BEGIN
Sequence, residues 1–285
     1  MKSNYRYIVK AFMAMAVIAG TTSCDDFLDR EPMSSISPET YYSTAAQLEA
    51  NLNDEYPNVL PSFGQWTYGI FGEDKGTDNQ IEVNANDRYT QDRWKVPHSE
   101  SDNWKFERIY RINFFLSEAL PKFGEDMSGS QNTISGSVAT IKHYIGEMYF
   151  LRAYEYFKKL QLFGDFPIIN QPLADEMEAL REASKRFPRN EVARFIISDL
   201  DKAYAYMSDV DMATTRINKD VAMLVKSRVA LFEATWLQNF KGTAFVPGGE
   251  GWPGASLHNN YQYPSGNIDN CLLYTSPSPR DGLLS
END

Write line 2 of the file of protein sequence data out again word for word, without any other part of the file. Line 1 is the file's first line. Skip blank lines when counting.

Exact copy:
     1  MKSNYRYIVK AFMAMAVIAG TTSCDDFLDR EPMSSISPET YYSTAAQLEA